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The students run the show during pep rallies at Cardinal Gibbons High School, and on this day, they made it clear who they wanted.

At the request of his classmates, Daniel Wright stepped out from the throngs of students, bounded down the steps toward the gymnasium floor, and grabbed a microphone. The entire student body — more than 1,200 strong — roared its approval as he began to sing.

Wright, a highly-recruited, hard-hitting safety, was best known for what he did under the Friday night lights, but he also loved being under the spotlight. 

“I coached for many, many years, so I get up in front of the assembly and talk all the time, but I was never a comfortable public speaker,” said Mike Morrill, the school’s football coach at the time. “I was just amazed at the audacity of a 16-year-old young man to just go out there on a whim and sing.”

It wasn’t uncommon at all for Wright, who’s now a starting safety for Alabama, to sing for large audiences. He sang at six to eight pep rallies during his time at Cardinal Gibbons — sometimes planned, sometimes at a moment’s notice. One of the songs he performed was John Legend’s “Ordinary People.”

He was also in the choir, he sang during the school’s Catholic masses, he performed in the talent show multiple times, and he even sang the national anthem at a basketball game.

Wright’s pipes caught the attention of Alabama fans three years ago when his teammates demanded that the true freshman serenade coach Nick Saban on his birthday.

Last year, as part of a golf-themed birthday surprise, he did it again.

“That man’s confidence is unwavering,” said former teammate Maxwell Worship, who’s now at Vanderbilt. “That might be one of the most confident people I know.”

His football talents and his musical talents inevitably overlapped during high school in Fort Lauderdale. Morrill says Wright was “always breaking into song,” whether in the locker room or on the practice field, and the most common genre was R&B.

“He had a good voice, I know that. We were pretty shocked when he did it. We were like, ‘Whoa. OK,” defensive coordinator/defensive backs coach Dave Montiel said. “He would also sing when he was in the secondary a little bit, just goofing around during practice. It’d be [like], ‘Make the calls and stop singing!’”

His musical skills don’t stop at just singing, though; he could freestyle, too. 

One year, at 1 or 2 a.m. at a homecoming after-party, one of Worship’s friends who was pursuing a music career started rapping. Wright, ever the showman, joined in on the fun.

“All of a sudden, Daniel comes up and they start having a rap battle. Daniel’s going crazy, he’s going crazy, they’re going back and forth,” Worship said with a laugh. “That was one of the most memorable moments of high school for me. That was one of the most fun nights I’ve ever had. I just remember him coming out of nowhere, and I was like, ‘Wait, he can sing and freestyle?’”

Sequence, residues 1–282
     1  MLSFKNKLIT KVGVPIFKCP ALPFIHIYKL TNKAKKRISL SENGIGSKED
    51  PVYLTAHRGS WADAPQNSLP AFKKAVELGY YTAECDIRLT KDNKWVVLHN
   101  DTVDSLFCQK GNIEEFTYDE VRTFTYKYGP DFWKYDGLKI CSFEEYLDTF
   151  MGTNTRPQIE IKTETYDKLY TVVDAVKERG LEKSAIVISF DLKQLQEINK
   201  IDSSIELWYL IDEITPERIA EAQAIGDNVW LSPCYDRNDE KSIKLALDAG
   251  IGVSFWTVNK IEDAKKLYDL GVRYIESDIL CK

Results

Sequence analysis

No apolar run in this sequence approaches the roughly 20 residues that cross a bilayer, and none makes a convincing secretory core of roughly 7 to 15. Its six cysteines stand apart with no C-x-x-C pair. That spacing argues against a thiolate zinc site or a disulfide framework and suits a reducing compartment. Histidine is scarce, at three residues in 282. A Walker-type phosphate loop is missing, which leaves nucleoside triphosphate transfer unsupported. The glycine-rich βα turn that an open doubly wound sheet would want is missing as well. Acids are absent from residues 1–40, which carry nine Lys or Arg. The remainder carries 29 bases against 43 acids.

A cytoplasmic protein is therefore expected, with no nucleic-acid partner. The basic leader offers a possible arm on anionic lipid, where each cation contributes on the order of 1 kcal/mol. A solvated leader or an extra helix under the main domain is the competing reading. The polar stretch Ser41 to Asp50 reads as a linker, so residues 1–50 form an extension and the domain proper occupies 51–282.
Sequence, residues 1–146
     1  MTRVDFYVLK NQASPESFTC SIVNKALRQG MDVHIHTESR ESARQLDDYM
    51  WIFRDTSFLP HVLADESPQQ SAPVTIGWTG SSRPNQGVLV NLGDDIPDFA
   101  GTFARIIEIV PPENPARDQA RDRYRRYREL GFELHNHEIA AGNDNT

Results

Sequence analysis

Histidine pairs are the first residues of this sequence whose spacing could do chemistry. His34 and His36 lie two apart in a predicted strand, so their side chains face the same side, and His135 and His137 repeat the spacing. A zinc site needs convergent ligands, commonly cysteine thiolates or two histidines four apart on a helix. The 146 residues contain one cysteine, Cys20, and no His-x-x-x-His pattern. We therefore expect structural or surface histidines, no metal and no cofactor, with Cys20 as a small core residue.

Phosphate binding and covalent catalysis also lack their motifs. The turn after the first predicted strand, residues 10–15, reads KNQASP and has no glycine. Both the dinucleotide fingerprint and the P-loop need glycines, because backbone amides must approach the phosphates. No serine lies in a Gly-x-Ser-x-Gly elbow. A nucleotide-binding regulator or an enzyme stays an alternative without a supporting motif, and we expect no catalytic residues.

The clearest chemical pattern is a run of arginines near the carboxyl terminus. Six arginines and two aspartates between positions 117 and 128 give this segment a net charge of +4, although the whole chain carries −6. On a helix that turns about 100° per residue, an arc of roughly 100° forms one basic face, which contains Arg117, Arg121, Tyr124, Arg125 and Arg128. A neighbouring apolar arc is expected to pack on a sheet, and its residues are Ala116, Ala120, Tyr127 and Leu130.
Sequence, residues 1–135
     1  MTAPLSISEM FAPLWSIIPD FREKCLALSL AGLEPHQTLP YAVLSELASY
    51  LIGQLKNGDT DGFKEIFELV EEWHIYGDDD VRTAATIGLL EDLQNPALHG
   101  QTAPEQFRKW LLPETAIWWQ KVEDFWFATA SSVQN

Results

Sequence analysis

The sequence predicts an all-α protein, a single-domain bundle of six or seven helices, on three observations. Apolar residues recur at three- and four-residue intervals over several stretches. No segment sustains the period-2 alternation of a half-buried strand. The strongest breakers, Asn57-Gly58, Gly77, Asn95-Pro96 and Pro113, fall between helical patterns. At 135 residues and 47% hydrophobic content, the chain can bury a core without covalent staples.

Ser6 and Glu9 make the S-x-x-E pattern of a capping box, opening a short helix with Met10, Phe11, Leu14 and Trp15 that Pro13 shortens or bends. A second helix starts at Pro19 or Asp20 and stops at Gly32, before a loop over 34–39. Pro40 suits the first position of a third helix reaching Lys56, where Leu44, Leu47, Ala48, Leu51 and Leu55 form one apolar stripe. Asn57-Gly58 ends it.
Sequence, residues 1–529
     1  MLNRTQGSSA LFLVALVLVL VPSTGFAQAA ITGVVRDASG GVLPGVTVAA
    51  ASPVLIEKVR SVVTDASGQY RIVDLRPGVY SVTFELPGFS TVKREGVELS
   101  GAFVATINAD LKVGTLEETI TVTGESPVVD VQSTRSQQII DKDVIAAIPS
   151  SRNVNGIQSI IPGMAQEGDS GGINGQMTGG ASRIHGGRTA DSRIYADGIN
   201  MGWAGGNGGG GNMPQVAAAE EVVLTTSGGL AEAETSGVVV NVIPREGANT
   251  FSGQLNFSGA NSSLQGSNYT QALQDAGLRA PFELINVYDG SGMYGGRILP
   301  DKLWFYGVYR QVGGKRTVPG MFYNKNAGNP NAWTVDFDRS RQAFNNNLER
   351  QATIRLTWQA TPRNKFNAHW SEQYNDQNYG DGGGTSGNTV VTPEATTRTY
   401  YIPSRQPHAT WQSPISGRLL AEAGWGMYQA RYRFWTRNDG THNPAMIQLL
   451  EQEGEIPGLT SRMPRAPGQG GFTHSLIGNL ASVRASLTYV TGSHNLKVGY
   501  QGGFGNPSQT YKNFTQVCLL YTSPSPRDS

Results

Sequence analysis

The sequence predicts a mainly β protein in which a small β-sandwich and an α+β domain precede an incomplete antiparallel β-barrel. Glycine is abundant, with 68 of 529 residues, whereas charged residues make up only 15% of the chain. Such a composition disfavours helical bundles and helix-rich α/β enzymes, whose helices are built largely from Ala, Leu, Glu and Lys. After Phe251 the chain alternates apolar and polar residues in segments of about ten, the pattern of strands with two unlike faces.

Every person interviewed this story mentioned how comfortable Wright is with being himself. Morrill recalled being impressed with how laid-back Wright was whenever he called him into his office. 

Morrill’s successor at Gibbons, Matt DuBuc, took over after Wright’s junior season, but Wright transferred to nearby Boyd Anderson High School shortly after. DuBuc, who had convinced Wright to come to Gibbons in the first place, was miffed for a little while, but the easygoing Wright didn’t sense any tension.

It’s a Gibbons tradition that players, coaches and their families go up the street to a restaurant called Wings N’ Things after every home game. One night during Wright’s senior year, he took a detour to get some wings and visit his old teammates. 

“I’m sitting there one night after a game with my family, and our kids are all in there, and Daniel Wright walks in. He had been coming for chicken wings for three years, and he walks in in his Boyd Anderson pants,” DuBuc said, laughing. “He got a plate of wings, sat down and started talking to his buddies. I almost wanted to tell him to get the heck out.”

Wright headed to Alabama just a few months later as an early enrollee, but he didn’t see much playing time until this year. (He did, however, gain some notoriety for his hard hits on special teams as a freshman — around the same time as his debut performance of “Happy Birthday.”)

His coaches back in Florida are proud of him for sticking it out, waiting his turn and earning his degree. As Morrill, who coached Wright for three years at Gibbons, watched him undercut a pass and return it for a pick-six against Texas A&M earlier this season, he thought back to the courageous 16-year-old who could command a stage.

“It never surprised us that that was going to happen,” Morrill said. “Just like it never surprised us that, as he was running down the sideline, he might just belt out a song. That was just Daniel.”

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